The real mission of Agile Software Development

Simon Sinek, in the outstanding book of “Start With Why” explains how the successful organizations start their communication from the inside out, starting with WHY they do what they do, then they go through HOW they do it and at the end they share WHAT they do. The idea is pretty simple although, he explains it amazingly, I have to say. If you’re interesting on it, here you can hear it directly from him.

One of the examples he puts is Apple Computers. He says that if Apple would start their messages describing how good their computers are and how great their design processes enable them to be the leaders, Apple would sound as any other computer company. However, they do actually sound different, and that is because they start with WHY. Simon says Apple starts all their messages explaining and sharing WHY they do what they do. An example could be the advertisement they aired in 1984, in the Super Bowl. Apple communicates their mission with every action they perform; the mission they have is questioning in every moment the status quo, thinking in a different way, trying to innovate and to challenge technology. Then they go to the HOW, their design processes are outstanding. And then, finally, they get to the WHAT, it all comes together in the beautiful computers they build.

For this article, I’d like to focus with the same approach about the WHY of Agile. The HOW and the WHAT I guess those are things we all know: build self-organized teams, build multifunctional teams, improving the quality of the solutions, focusing on the added value, giving more value to solutions working over documentation, responding to change over following a plan, etc. Even if you use Scrum with your team, that would be a fair HOW for your team in order to use agile.

But, what about the WHY? Usually people don’t focus on the WHY when they start with agile. They rather focus on the things we’ve just mentioned. Those things are great, don’t get me wrong. The agile manifesto is something that deserves to be signed for all the teams using the agile values. (I remember I gathered my team a long time ago, when we started to use agile, and I offered them to sign a copy of the manifesto, we all did it proudly and the document was hanged on the wall as a simbol. I still have that very copy that I keep with nostalgic.). However, for a team, when it’s been a while since they’ve started to use agile, a major purpose, cause or belief needs to be clear to keep the motivation up. And this is not easy at all to describe.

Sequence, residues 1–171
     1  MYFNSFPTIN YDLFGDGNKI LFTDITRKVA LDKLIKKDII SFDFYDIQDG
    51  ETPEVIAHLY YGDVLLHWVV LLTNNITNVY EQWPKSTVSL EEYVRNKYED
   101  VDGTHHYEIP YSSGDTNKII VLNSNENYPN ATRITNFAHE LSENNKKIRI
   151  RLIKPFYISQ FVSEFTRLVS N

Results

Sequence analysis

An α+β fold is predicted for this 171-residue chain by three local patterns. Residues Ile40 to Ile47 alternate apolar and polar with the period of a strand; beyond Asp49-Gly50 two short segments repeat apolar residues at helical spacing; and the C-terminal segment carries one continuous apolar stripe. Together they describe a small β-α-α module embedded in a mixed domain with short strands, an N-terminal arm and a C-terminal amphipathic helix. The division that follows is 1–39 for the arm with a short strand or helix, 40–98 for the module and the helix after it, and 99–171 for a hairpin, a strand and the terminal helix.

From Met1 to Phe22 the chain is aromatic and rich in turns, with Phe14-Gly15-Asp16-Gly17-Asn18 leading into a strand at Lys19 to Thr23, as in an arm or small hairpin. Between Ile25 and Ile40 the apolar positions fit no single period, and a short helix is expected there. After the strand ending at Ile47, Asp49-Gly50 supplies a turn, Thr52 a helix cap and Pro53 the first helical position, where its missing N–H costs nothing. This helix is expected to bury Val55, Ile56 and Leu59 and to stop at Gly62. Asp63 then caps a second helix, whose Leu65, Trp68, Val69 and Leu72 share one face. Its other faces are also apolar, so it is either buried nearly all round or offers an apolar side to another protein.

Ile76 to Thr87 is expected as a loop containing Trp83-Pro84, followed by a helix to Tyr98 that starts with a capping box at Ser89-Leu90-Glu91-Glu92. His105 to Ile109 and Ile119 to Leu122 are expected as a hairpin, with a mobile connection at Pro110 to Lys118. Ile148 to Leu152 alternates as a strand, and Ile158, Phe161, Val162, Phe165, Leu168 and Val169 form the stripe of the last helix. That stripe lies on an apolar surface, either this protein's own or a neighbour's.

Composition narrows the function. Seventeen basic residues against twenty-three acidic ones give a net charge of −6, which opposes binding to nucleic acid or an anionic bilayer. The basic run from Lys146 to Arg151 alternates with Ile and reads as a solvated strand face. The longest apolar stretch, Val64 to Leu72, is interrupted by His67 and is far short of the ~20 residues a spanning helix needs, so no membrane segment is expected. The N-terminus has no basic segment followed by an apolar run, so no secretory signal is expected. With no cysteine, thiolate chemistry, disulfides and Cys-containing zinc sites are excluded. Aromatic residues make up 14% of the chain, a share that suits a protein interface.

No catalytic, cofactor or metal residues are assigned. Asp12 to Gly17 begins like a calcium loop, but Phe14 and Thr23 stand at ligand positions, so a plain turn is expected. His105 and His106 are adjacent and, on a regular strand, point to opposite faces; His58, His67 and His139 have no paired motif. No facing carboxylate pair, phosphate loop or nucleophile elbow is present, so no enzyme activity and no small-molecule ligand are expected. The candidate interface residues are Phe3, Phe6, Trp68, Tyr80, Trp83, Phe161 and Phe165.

You can try it by yourself: – WHY do you do the things you do? WHY did you decid to be on time today at work? WHY do you keep pushing not matter what? Obviously, those questions have a huge personal component, and I’m not trying to tackle that here, I’d like to explore that inside the core of an agile team. Instead of asking those previous question, we could ask ourselves: WHY do we do the things we do as a team? WHY did we decide to perform the agile events this iteration (sprint)? WHY do you keep having retrospectives and taking action afterwards?

As you probably imagine, I don’t have the answer to those questions. Only the team as a whole is able to answer those. What I can share here is the results of the annual survey from Versionone where they analyze the state of Agile worldwide. One section is dedicated to the reasons for adopting agile on a team.

version_one_survey

I do have to admit that a lof of “technical” reasons are there on the list. If I’d have to say one reason (in the context of this article) and one reason only, I will say the one covered with the point “Improve team morale”. I really believe agile is a tool to build a team as a pleace where all the members, no matter what, can be happy at work. I’ve seen this first hand. In the past I used to work with a PMI approach with the teams and that generated a lot of frustation among people. Team members had frecuently to interrupt their work to start working in a different request just because we had received a new project with a fixed deadline. With agile I’ve seen something different, teams are able to communicate, to share ideas, to collaborate, to cover each other backs, to say your opining out loud and feeling that nobody is going to judge you (remember the sprint planning), that you have a coach or scrum master plus the team covering you if you didn’t accomplish the goal, the list goes on and on.

I love it that way. Obviously, Mondays are still tough (I don’t see anything changing that), and the teams still need to manage some difficult situations internally and with the customer. But with agile I experience a different way of seing things, a different perception. Used in the right way, definitely agile will help us all to build a save environment that facilitates the team members engagement and that improves the daily possibilities to find happiness at work. For the purpose of finding a major reason for agile, I think it’s good enough.

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